UP Vice-Chancellor and Principal Prof. Tawana Kupe officially opens 2019 academic year
8 February 2019
University of Pretoria (UP) Vice-Chancellor and Principal Professor Tawana Kupe officially opened the university’s 2019 academic year today (Friday 8 February), and outlined his vision for the year to staff.
He placed emphasis on his Executive addressing issues facing students, including financial, accommodation and other barriers related to gaining access to the University and completing their degrees. “We are working closely with the Student Representative Council, and request all student formations to work with the SRC and management to bring issues and suggestions to us so we can work together to resolve these matters,” he said.
Prof. Tawana Kupe set out UP's strategic priorities.
He also complimented UP staff on their efforts to grow the University’s reputation internationally as a leading research-intensive university. “We produce the highest number of research outputs locally, as recorded by the Department of Higher Education and Training. We are one of the biggest contributors of qualified professionals and research students in the county.”
He continued by saying all staff, including administrators, cleaners, gardeners and academics, are contributing toward producing graduates, and all have an important role to play.
In 2019 the University will continue with its proud tradition of research and internationalisation, and some of its priorities include:
the use of institutional platforms as catalysts for trans-disciplinary research, with a focus on developing research related to opportunities provided by UP’s new Future Africa campus (to be launched 29 March), and the Javett-UP Art Centre (to be launched later this year).
an intensified focus on the recruitment, success and development of postgraduate students, in particular research master’s and doctoral students, and the establishment of a Postgraduate Centre.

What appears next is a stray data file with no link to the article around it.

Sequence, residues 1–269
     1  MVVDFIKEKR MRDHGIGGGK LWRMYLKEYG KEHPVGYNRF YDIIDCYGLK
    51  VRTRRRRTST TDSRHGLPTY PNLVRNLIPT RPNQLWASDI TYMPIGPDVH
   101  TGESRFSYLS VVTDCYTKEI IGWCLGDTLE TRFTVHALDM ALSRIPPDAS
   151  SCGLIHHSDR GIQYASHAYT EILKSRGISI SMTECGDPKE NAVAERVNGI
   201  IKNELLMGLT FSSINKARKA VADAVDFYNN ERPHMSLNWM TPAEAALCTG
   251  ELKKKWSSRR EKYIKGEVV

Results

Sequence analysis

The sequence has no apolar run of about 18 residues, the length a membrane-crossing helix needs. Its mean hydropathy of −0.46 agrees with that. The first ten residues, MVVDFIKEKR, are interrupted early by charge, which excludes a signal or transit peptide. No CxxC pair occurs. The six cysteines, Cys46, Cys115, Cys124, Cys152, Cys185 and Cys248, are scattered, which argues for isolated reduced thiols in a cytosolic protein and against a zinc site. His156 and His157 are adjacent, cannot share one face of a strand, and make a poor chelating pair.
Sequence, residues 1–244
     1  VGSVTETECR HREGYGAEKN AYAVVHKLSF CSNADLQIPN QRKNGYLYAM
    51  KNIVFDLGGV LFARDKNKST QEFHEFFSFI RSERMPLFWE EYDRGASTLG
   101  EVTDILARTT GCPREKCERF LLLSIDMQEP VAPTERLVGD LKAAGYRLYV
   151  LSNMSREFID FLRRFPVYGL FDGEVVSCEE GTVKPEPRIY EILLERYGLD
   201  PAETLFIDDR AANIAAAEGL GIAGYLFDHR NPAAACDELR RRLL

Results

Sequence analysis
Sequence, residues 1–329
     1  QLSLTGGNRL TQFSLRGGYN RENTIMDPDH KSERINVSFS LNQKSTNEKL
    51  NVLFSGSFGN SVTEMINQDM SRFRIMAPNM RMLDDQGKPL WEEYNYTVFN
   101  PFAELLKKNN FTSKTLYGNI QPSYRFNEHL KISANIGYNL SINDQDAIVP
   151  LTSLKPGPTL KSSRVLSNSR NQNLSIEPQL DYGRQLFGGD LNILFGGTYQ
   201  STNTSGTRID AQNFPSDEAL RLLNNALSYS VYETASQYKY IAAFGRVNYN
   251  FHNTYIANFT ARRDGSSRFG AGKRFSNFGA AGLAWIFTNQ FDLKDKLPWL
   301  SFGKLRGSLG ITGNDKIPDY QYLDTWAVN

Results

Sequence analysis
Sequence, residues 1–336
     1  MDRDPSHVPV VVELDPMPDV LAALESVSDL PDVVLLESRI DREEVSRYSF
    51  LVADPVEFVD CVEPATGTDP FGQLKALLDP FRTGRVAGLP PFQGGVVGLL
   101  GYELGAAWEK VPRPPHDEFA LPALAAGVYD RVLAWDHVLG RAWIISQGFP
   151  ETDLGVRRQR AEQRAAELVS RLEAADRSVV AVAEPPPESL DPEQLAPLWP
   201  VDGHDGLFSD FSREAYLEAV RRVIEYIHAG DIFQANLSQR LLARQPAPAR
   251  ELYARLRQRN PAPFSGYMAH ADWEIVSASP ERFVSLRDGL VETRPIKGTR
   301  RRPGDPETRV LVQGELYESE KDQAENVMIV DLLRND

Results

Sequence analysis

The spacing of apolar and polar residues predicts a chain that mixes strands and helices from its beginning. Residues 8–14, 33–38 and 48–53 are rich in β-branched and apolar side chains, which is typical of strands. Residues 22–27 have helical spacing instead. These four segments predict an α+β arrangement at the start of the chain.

forging strategic partnerships as part of UP’s internationalisation strategy, by attracting international scholars, postdoctoral fellows and postgraduate students, and an increased focus on collaboration and partnerships with researchers in the rest of Africa, BRICS and selected strategic partners.
An increase in external funding for research, innovation, and postdoctoral and postgraduate scholarships.
Prof. Kupe said UP will strengthen relationships with donors, foundations, alumni and funding agencies and continue to increase third-stream income and meet performance targets for fundraising. “UP has taken a number of steps to support and accommodate students, and to ensure that academically deserving students are not turned away on the basis of financial or accommodation concerns. Furthermore, the University is committed to assisting and supporting students where needed.”
He said that although students’ focus at UP is to gain further education, “[Staff members’] duty goes beyond teaching, as we need to address [students’] social issues.” In this vein, the University will be launching an improved food programme for needy students. Food trucks will be introduced at dedicated locations to alleviate problems regarding long queues and offer affordable and healthy meals, in a bid to cater for the diverse needs of students and staff.